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Stella Farwell to present ‘Transitions’ at Art Modern Gallery

By Staff | Jan 27, 2010

"Calm Water" by Stella Farwell.

Captiva resident and celebrated artist Stella Farwell will be presenting a solo exhibition entitled “Transitions” at the Art Modern Gallery, located at 24 5th Ave. South in Naples.

There will be a collector’s viewing and a meet-the-artist reception on Saturday, Feb. 6 from 5 to 9 p.m. at Art Modern Gallery. The public is invited to the preview and the show will run from the opening night through Feb. 20.

“Stella Farwell is a major artist in the community,” said Art Modern Gallery director Robert Fontaine. “She is especially popular with Naples collectors as well as Sanibel and Captiva admirers. Her organic works have been on view at the gallery since the day we opened our doors. We are so pleased to have her back for a solo exhibition this year at our new space on Fifth Ave South in the Heart of Old Naples.”

Farwell said the pieces in her upcoming show were influenced by her travels, the environment and her long journey with ovarian cancer. While side effects of chemotherapy and radiation treatments have altered some of her plans, Farwell said, the challenge has stretched her creativity to find new methods and materials to express her ideas.

The Captiva Island artist develops her ideas in both two dimensional and three-dimensional form. Her organic works represent highly technical and selectively chosen mediums such as hand made paper, acrylic, metal and stone.

“I’m like a mad scientist, as I love to experiment and try new things,” Farwell said.

Farwell was formally trained in both fine and commercial art and says she attributes her affinity for a broad spectrum of materials to her unique look and style.

Her flowing, dynamic shapes and biometric compositions allow the viewer to interact with her artwork.

In her new show, “Transitions,” Farwell also hopes to inspire the viewer with an awareness of ovarian cancer. Her journey with the disease has led her to get out the message through art that women should be checked for the disease on a regular basis.

“It’s called Transitions because that’s kind of where my life is. I decided that for this show, I would use it as an opportunity to make people aware of ovarian cancer and some of the work is definitely related to my cancer journey. It was a hard decision, because I don’t want to make anyone uncomfortable – but if I can help one person not experience this disease, I’m going to do it,” Farwell said.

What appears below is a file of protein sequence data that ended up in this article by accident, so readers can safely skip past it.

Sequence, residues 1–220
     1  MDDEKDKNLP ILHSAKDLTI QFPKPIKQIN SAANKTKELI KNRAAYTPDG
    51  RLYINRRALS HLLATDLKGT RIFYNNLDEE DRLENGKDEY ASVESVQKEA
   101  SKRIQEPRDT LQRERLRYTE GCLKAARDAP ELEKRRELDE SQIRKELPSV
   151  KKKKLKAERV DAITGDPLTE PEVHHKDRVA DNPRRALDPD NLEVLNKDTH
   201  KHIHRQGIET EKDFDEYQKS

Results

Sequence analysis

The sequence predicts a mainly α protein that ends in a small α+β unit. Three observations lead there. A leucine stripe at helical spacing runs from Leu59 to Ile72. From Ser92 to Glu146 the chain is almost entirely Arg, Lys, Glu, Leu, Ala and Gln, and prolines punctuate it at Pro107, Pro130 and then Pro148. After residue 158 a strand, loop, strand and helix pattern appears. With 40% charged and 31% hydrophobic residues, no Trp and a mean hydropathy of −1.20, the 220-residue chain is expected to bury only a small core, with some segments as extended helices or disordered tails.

According to Farwell, ovarian cancer is a very difficult disease to identify because there are no tests for early detection and the symptoms are similar to many illnesses. She says women should be aware of the possibility because it is difficult to diagnose until the disease has progressed into the late stages.

“About 1 in 58 women get ovarian cancer – most of us know at least 58 women,” Farwell said.

Farwell has even come up with her own slogan to spread the word about ovarian cancer in the minds of all the people she meets: “When you see a blink, think ovarian cancer awareness!”

“I was trying to think of something that people see everyday. I want to plant the seed – that when you see it, it reminds you to be aware of ovarian cancer,” Farwell explained.

Because the disease is often overlooked, Farwell thought that something as simple and repetitive as a blink – whether the blink of an eye or the headlight of a car – would be an effective way of keeping ovarian cancer awareness alive in the minds of people.

In addition to her ongoing work to spread awareness, Farwell has channeled her thoughts and feelings from her journey with ovarian cancer into certain pieces that are part of her new show.

“‘Standing Free’ is one of the pieces I’m most excited about. To me, ‘Standing Free’ is like standing up to the disease,” Farwell said.

Another piece called “Cooperation” was constructed out of handmade paper that a friend of Farwell’s – also a breast cancer survivor – had sent to her.

“Ups and Downs” symbolizes the emotional roller coaster a patient experiences on their journey through cancer.

“And ‘Endless Chains of Hope’ is a very bright and cheerful piece, because anyone battling anything in life needs a lot of hope,” Farwell said.

All the artwork in the show is available for viewing and acquisition.

The Art Modern Gallery is open Monday through Saturday from 11 a.m. to 5 p.m. For more information, call 239-263-1137 or visit www.artmoderngallery.com.

(Press releases contributed to this story)